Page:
Vence Bonham, Maggie Ginoza, Larry Brody, top left,and right, and NHGRI staff answer questions during NHGRI's Reddit AMA on Diversity.After recently publishing a perspective in Nature Reviews Genetics describing the challenges to achieving diversity in genomics research, NHGRI leadership held a Reddit "Ask Me Anything" (AMA) on December 1 to discuss the variety of ways in which participant diversity can expand the translation of research findings and the steps they're taking to ensure all populations are included. Here we recap the discussion and point you to the full discussion on Reddit.

Reddit "Ask Me Anything": The importance of knowing your family health history

Chris Marcum, Ph.D., left, Laura Koehly, Ph.D., center, and staff scientist and Jielu Lin, Ph.D., participate in a Reddit AMA on November 21, 2017.

On November 21, 2017, NHGRI's Social and Behavioral Research Branch (SBRB) turned to a Reddit "Ask Me Anything" (AMA) to answer questions about their work on family health history. AMA hosts were Laura Koehly, Ph.D., SBRB chief, Chris Marcum, Ph.D., a staff scientist, and Jielu Lin, Ph.D., a post-doctoral fellow. The team answered questions from how to change behaviors after learning disease risk through family health history, to understanding risk when family health history is unknown.

Reddit "Ask Me Anything": The NHGRI Dog Genome Project

Elaine Ostrander, Heidi Parker, Andrew Hogan and Dayna Dreger participate in Reddit AMA on November 2, 2017.On November 2, 2017, experts from The NHGRI Dog Genome Project turned to Reddit - a social news website and discussion forum - to answer questions from the Reddit community as part of an "Ask Me Anything" (AMA). Dog genomes hold a wealth of information for understanding natural variation in dog populations, like body size or fur type, and for learning more about how the genomes of both dogs and humans contribute to health and disease.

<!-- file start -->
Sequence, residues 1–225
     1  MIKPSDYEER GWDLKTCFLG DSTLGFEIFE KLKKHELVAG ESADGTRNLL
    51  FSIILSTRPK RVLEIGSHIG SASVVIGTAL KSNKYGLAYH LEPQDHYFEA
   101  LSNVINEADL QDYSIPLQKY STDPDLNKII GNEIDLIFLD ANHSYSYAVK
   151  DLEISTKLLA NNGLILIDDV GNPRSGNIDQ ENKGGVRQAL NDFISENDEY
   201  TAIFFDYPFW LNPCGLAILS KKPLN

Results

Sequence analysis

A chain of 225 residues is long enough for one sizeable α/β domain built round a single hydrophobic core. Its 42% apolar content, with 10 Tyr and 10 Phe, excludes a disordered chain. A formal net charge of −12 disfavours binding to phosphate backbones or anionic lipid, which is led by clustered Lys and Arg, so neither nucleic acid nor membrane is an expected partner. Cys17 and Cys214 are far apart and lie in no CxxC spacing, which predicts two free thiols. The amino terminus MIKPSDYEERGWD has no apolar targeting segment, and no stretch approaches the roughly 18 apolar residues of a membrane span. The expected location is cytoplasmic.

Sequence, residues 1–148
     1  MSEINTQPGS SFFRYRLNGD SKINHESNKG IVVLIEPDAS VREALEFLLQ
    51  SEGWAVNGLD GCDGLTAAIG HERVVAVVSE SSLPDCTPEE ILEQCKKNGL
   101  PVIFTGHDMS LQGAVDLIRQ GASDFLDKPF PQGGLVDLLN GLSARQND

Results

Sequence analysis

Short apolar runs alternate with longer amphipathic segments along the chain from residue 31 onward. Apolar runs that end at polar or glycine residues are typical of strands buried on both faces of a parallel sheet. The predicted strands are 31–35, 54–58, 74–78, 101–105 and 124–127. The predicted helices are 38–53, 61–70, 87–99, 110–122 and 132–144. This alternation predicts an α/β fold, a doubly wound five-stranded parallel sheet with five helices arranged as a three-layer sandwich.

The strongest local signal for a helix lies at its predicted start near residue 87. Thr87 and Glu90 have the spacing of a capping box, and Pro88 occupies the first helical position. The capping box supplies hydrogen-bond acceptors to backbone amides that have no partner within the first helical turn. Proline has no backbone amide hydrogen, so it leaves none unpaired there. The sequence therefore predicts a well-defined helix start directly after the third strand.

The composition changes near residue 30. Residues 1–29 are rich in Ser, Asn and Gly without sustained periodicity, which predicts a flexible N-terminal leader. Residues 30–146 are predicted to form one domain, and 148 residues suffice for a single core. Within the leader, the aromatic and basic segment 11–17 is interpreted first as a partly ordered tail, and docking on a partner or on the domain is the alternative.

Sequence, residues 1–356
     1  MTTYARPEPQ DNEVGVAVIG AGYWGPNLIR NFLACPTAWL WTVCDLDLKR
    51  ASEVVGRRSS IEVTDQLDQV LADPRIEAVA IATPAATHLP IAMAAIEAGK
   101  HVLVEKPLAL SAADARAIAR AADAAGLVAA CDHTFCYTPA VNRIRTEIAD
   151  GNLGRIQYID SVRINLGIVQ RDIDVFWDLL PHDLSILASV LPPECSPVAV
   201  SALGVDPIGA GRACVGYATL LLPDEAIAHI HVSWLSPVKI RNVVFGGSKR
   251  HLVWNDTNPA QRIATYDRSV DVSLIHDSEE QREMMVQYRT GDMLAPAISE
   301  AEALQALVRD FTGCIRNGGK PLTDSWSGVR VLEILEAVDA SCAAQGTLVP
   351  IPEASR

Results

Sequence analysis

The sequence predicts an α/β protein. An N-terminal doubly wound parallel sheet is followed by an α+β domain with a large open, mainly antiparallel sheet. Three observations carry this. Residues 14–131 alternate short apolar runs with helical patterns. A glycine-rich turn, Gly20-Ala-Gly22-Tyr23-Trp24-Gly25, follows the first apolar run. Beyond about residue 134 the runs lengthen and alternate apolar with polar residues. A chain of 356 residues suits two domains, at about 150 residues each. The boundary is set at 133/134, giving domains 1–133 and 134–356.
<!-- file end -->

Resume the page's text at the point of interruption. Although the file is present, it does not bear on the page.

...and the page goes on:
The UDN joins forces with Reddit for an "AMA"

Drs. William Gahl and Cynthia Tifft answer questions about the Undiagnosed Diseases Network (UDN) for a Reddit AMA on March 3, 2017.On March 3, 2017, in honor of Rare Disease Day, experts from the Undiagnosed Diseases Network (UDN) turned to Reddit to answer questions from the Reddit community as part of an "Ask Me Anything" (AMA). These rare disease experts have joined forces to solve the world's most challenging medical mysteries. Supported by the NIH Common Fund, UDN uses genome sequencing in the clinic, along with a network of experts, to provide answers for patients and families affected by mysterious conditions.

Reddit "Ask Me Anything": The ENCODE Project

Mike Pazin, Dan Gilchrist and Elise Feingold participate in Reddit Ask Me Anything! on February 9, 2017.NHGRI's ENCODE Project has spent 13 years building a catalog of all the functional elements in the human genome sequence, and making it available to scientists worldwide for the study of human health and disease. On February 9, 2017, ENCODE program directors in the Division of Genome Sciences at NHGRI, and ENCODE researchers from the University of California, San Francisco, turned to Reddit - a social news website and discussion forum - to answer questions from the Reddit community.


Last Updated: March 2, 2018